Should immigrants have to pass a literacy test in order to enter the United States? Progressive-Era Americans debated this question for more than twenty years, and by the time the literacy test became law in 1917, the debate had transformed the way Americans understood immigration, and created the logic that shaped immigration restriction policies throughout the twentieth century.
Jeanne Petit argues that the literacy test debate was about much more than reading ability or the virtues of education. It also tapped into broader concerns about the relationship between gender, sexuality, race, and American national identity. The congressmen, reformers, journalists, and pundits who supported the literacy test hoped to stem the tide of southern and eastern European immigration. To make their case, these restrictionists portrayed illiterate immigrant men as dissipated, dependent paupers, immigrant women as brood mares who bore too many children, and both as a eugenic threat to the nation's racial stock. Opponents of the literacy test argued that the new immigrants were muscular, virile workers and nurturing, virtuous mothers who would strengthen the race and nation. Moreover, the debaters did not simply battle about what social reformer Grace Abbott called "the sort of men and women we want." They also defined as normative the men and women they were -- unquestionably white, unquestionably American, and unquestionably fit to shape the nation's future.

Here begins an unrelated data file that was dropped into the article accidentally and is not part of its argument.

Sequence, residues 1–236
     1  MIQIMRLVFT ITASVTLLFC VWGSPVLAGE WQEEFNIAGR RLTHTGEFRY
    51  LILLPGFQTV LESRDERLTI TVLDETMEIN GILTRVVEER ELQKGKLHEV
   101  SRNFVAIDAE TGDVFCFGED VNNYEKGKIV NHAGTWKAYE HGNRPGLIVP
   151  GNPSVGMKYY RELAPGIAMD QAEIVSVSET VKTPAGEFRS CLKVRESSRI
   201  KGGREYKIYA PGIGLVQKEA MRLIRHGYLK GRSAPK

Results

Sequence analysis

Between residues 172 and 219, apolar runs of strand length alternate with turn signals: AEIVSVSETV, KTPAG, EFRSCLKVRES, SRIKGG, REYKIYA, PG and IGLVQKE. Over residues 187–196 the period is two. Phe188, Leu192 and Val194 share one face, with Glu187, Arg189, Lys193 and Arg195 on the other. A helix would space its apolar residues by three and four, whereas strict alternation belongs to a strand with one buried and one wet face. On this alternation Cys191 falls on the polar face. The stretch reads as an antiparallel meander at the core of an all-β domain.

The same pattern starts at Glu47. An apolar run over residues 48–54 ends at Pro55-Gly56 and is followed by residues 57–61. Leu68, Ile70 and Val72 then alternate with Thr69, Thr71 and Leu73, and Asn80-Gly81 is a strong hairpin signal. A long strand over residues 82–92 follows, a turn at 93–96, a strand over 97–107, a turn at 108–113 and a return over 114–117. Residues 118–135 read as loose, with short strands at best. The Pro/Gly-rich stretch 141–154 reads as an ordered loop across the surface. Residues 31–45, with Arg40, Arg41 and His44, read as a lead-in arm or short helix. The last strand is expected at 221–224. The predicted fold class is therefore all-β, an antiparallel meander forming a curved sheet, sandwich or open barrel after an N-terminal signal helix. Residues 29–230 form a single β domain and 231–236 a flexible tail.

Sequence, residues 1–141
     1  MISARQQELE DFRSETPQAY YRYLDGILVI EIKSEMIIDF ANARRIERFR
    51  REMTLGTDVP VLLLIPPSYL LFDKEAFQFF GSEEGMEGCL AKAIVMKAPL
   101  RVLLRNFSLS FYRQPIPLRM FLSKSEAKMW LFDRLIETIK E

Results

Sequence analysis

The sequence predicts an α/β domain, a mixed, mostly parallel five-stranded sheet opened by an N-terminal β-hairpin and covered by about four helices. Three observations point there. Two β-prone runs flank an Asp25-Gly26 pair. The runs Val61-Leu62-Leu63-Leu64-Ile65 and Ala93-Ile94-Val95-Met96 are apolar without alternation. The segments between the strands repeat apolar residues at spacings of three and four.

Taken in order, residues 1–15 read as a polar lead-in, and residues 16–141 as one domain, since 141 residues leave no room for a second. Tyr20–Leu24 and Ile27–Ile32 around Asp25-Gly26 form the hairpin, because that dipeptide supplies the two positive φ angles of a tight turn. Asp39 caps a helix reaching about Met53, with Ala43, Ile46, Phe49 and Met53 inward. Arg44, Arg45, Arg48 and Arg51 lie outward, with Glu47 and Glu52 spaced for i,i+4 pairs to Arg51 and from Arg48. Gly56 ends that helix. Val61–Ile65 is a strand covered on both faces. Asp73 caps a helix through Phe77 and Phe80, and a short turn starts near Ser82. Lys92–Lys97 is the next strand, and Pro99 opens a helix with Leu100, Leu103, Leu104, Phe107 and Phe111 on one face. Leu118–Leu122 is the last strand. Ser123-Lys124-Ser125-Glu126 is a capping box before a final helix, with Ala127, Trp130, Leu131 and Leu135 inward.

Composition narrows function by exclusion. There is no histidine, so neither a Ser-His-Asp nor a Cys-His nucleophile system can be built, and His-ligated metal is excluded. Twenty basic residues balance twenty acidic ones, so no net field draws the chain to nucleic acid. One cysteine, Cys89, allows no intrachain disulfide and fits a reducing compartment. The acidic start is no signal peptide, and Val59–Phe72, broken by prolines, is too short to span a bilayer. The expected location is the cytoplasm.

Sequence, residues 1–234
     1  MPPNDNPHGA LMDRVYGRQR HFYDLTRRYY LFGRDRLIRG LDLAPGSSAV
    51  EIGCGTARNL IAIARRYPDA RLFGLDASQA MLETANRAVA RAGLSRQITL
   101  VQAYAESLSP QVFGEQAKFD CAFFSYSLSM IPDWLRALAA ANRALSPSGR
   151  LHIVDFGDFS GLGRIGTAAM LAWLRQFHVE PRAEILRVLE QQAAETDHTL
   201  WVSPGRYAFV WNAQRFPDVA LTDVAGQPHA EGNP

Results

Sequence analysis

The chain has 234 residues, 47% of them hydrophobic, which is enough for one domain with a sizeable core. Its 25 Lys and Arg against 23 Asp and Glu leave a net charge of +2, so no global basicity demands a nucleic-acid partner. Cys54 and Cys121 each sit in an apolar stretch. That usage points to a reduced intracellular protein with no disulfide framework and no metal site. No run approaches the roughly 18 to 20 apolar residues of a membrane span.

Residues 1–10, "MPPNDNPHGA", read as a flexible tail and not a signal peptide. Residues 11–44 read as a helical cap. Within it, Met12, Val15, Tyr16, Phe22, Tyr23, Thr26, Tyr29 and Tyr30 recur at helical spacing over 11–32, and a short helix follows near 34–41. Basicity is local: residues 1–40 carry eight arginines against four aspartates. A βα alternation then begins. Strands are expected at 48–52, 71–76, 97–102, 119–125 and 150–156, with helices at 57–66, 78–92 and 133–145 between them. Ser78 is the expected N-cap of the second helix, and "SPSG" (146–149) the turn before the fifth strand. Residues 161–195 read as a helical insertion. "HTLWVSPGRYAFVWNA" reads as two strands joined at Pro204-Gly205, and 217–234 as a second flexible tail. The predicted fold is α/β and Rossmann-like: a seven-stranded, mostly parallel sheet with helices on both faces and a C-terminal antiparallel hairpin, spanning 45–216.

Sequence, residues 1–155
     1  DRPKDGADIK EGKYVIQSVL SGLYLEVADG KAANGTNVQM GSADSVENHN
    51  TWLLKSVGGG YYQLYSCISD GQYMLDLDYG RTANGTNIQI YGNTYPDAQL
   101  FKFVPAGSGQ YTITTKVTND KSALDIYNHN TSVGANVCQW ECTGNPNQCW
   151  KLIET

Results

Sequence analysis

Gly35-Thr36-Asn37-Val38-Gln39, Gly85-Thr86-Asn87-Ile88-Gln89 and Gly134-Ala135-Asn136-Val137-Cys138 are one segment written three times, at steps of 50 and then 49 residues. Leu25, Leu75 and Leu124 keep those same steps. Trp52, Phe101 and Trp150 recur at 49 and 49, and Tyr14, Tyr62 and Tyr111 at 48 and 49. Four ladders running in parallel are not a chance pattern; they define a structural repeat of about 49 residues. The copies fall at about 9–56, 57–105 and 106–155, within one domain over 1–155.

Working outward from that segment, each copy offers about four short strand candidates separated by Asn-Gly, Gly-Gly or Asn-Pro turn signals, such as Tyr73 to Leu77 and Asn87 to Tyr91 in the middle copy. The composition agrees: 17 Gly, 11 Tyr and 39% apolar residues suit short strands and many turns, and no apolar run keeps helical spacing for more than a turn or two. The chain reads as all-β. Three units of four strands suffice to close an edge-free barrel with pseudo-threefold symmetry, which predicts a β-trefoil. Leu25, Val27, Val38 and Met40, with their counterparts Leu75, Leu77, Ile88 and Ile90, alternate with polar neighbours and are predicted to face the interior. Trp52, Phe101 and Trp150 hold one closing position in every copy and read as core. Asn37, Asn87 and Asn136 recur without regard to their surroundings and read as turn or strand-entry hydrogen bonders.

Jeanne D. Petit is Associate Professor of History at Hope College.